participate in the sale and details means for settling purchases by foreigners through corresponding banks. Eschewing reference to particular lots, it points out that the bindings of many of the books by de Rome (i.e. the noted Nicolas-Denis Derome le jeune [173190])14 particularly enhance their attractiveness. The English preface covers much of the same ground, omitting suggestions about international monetary exchange. It is in connection with De Rome, however, that the English refers to Mr. Paris, who encouraged [the binder] to exert his utmost skill in adorning a library so exquisite and matchless. The other great divergence in the prefaces is the inclusion, in the English only, of a supposed provenance for some of the books. Among the very rich holdings, unimaginable save in the libraries of sovereigns, remarks Edwards, are the numbers remarked as belonging to the library of Claude dUrf, originally formed by the accomplished Diana of Poictiers; who availed herself of the devotion of two Kings of France, to enrich her own library with the choicest treasures of theirs. These are presumably some or all of the additions to the principal congsignors collection to which the title-pages refer. Rau notes that this must be a fabrication and that in [the preface of] the French version there is no reference to Claude dUrf, for obviously that story could not have gone down in Paris.15 Why and whether this is so will be addressed below. Some problems of the Parisina catalogues had been noticed long before Rau by such eminent contemporaries as the distinguished bibliographer and curator at the royal (later, national) library in Paris, J. B. B. van Praet (17541837).16 They are mostly related to the composite nature of the catalogue. Firstly, there were missing books and books that did not make it to London in time for the sale and were sold later in the year. Rau notes that some lots all Aldines may never have existed, as Gabriel Peignot in 1812 and the dealer Antoine Augustin Renouard in 1819 had discovered long before. He concludes that some lots described were indeed non-existent Aldines, others were Aldines that were sold shortly after the Parisina sale at the auction of books from the library of Sig. Santorio of Venice in May 1791.17 Rau also remarks that, although both catalogues are numbered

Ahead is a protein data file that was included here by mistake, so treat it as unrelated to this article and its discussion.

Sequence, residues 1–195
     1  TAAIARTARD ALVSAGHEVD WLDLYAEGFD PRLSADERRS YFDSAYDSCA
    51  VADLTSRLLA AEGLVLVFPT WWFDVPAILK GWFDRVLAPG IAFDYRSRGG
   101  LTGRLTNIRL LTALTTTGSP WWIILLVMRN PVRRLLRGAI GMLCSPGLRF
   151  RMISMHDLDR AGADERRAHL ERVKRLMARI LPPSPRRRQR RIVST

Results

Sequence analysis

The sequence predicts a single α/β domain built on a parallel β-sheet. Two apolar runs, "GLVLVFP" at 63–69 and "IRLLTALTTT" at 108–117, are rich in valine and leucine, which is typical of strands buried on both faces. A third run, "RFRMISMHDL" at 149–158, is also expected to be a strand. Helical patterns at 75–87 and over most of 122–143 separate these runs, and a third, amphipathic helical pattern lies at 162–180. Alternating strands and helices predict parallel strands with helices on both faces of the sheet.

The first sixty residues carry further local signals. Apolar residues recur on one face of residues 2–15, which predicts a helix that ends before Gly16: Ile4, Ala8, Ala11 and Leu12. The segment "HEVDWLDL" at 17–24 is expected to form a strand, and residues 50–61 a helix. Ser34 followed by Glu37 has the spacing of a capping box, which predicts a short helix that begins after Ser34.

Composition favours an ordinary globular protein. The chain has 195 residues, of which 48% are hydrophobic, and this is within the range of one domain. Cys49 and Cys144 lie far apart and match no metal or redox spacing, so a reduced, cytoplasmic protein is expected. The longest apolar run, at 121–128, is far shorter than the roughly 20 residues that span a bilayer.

14 Derome le jeune, active 176090, was the scion of a family of Parisian bookbinders that flourished from the mid-seventeenth to the early-nineteenth century. See Mirjam M. Foot, The Henry Davis Gift: A Collection of Bookbindings, 3 vols (London, 19782010), i, 199201; iii, 21721 (nos. 17174); and iii, 23034 (nos. 18286). The Derome name, Foot observes (i, 200), was a selling point. The date of Deromes death has often been given as 1788, but is properly 28 February 1790 (Pascal Ract-Madoux, Essai de classement chronologique des tiquettes de Derome le Jeune, Bulletin du bibliophile (1989), 38391 [p. 383]). 15 Rau, Bibliotheca Parisina, p. 309. 16 ibid., pp. 30708. 17 At ibid., p. 308, Rau says he has not been able to find the catalogue, which is, in fact, specific about the connection of some lots with the Pris sale: Messers. Edwards, Bibliotheca Santoriana: A Catalogue of the Library of Signor Santorio, of Venice: Including Many Valuable Articles Iintended to have been Sold with the Paris Collection . . . Thursday May the 12th 1791 and the Two Following Days (London: Messers Edwards and Mr. Robson, 1791). There is a copy at the Grolier Club.

Milton McC. Gatch


1630, there are interpolated (bis) lots and supplements. The actual totals are 637 lots in the French and 661 in the English version.18 He does not specify the size of the group of lots not sold, whether because the books were not available at the time of sale or did not exist. Over one hundred lots were unsold (not counting lots that may have been bought in) or sixteen per cent of the total. Of these, over forty per cent (about forty-three lots) were Aldines treasured as highly at the time as incunabula or medieval manuscripts.19 Raus statement that the attribution of some of the materials in the Parisina collection to Claude dUrf is false needs some amplification and clarification. The dUrf attribution belongs to the major block of materials added (as the titles noted) to the books of Mr. Paris in the Parisina Catalogue. By referring to dUrf (150153), Edwards was tacitly claiming that these items came to the Parisina catalogue from the library of the duc de la Vallire, whose posthumous sale of 1783 was the most distinguished and famous auction in France at the end of the eighteenth century from which a considerable part of the Parisina collection had indeed come.20 The Duke had purchased much of the library of the heirs of Claude dUrf in 1776,21